A controversial Australian politician has proposed that the country’s government pay members of the public to kill cane toads in a bid to help curb the invasive pest.
In an open letter to Australian Prime Minister Scott Morrison, Sen. Pauline Hanson said that during the summer in Queensland and neighboring states, an explosion of cane toads hatch, adding to the estimated 200 million already hopping around Australia.
Speaking on Australian TV Wednesday, Hanson suggested that Australians should receive 10 cents ($0.07) for every cane toad killed. She added that people on welfare, “or even kids on holiday,” could help participate in the effort. “Take them to your local council, put them in the freezer, get rid of them and clean up our environment,” said Hanson, according to CNN affiliate Nine News.
Studies estimate that cane toads – originally introduced to Australia from Hawaii in the 1930s to tackle crop-damaging beetles – pose a threat to around 75 native species due to their toxicity.
Hanson accused the government of failing to adequately deal with the issue despite spending almost 2 million AUD ($1.4 million) in research.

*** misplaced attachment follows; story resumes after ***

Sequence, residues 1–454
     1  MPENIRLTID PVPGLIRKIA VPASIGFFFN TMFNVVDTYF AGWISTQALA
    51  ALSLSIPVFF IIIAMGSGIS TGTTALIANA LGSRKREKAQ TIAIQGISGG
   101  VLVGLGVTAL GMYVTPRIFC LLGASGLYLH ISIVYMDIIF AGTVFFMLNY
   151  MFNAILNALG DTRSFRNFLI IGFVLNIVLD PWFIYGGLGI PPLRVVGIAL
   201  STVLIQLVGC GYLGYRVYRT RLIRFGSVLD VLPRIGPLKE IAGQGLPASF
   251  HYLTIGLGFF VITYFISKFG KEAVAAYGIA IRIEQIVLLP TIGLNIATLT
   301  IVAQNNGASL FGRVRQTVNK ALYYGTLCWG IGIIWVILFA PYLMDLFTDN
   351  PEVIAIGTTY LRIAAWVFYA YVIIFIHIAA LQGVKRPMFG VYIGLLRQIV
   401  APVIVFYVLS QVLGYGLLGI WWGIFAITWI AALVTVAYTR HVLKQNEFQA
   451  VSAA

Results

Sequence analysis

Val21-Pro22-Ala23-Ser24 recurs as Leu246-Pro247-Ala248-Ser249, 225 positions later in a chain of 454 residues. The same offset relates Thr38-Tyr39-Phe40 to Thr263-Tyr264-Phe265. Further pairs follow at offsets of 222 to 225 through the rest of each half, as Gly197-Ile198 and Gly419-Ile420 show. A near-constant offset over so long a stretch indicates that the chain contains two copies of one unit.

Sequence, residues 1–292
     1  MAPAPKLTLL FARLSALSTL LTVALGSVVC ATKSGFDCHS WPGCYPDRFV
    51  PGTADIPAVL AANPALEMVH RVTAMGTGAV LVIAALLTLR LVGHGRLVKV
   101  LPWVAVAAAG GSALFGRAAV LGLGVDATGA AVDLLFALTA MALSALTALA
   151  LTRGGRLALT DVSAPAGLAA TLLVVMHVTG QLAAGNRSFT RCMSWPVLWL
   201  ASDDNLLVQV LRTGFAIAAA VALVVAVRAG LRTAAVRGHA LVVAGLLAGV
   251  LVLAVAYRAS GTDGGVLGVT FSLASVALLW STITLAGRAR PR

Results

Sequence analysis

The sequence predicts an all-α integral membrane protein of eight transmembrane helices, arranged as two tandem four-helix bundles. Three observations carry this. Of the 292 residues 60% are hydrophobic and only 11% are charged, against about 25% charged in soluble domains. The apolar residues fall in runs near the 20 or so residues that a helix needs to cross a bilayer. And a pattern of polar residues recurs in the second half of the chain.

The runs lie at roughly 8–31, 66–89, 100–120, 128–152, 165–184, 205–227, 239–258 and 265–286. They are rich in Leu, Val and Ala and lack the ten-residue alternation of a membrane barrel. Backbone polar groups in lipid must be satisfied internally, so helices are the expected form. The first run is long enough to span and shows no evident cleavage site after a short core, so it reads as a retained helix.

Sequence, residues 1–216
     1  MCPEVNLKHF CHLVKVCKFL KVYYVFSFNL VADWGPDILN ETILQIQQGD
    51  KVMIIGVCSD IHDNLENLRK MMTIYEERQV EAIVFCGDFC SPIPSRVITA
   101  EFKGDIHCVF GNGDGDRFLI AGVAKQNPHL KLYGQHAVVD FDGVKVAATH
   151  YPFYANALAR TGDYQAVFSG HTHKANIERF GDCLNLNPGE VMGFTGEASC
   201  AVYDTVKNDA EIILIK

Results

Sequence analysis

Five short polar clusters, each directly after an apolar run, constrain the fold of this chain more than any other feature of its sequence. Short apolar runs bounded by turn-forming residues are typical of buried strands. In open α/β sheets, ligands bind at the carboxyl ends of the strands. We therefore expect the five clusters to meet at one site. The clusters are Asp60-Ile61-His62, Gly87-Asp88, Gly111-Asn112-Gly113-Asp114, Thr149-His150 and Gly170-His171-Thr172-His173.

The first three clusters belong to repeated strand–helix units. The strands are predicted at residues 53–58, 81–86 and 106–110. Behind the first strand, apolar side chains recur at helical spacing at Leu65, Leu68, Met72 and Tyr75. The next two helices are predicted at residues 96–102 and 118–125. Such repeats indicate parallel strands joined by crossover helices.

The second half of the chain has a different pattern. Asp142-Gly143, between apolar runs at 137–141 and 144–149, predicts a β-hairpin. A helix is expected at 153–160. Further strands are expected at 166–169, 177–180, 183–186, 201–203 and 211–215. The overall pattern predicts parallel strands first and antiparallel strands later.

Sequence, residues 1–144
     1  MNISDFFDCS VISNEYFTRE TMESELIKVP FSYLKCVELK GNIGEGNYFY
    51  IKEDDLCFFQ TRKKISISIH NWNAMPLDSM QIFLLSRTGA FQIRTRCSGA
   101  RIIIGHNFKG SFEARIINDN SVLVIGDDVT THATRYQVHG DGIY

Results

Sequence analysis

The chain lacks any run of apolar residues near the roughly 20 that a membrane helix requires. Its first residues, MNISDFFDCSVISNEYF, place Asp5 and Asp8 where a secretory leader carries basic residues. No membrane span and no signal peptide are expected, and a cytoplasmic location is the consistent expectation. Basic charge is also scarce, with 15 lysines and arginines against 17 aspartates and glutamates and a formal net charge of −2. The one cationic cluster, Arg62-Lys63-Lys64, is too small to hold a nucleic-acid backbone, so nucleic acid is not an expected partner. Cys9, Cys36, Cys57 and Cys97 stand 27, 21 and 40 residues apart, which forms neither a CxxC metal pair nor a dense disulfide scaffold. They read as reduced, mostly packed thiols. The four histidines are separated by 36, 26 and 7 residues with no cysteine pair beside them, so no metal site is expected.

Home Affairs Minister Peter Dutton dismissed Hanson’s concerns, saying she was trying to “grab a bit of attention for (her political party) One Nation,” Nine News reported.
Ecologists have also dismissed the cash-for-toads idea. Professor Rob Capon from the University of Queensland’s Institute for Molecular Bioscience told Nine a bounty on toads was simply “not practical.”
“From an ecological point of view it’s unlikely to have an impact on the cane toad population. On a practical level there are all manor of problems,” he said.
The founder and leader of the populist right-wing party One Nation, Hanson is no stranger to controversy.
In 2017, she was widely criticized for a stunt in which she wore a burqa to Parliament, to call for the Islamic dress to be banned. Last year, Hanson advanced a motion decrying the “deplorable rise of anti-white racism” and saying “it is okay to be white.”
That motion was only narrowly defeated after the conservative Australian government told its MPs to back it, attracting considerable outrage from opposition lawmakers.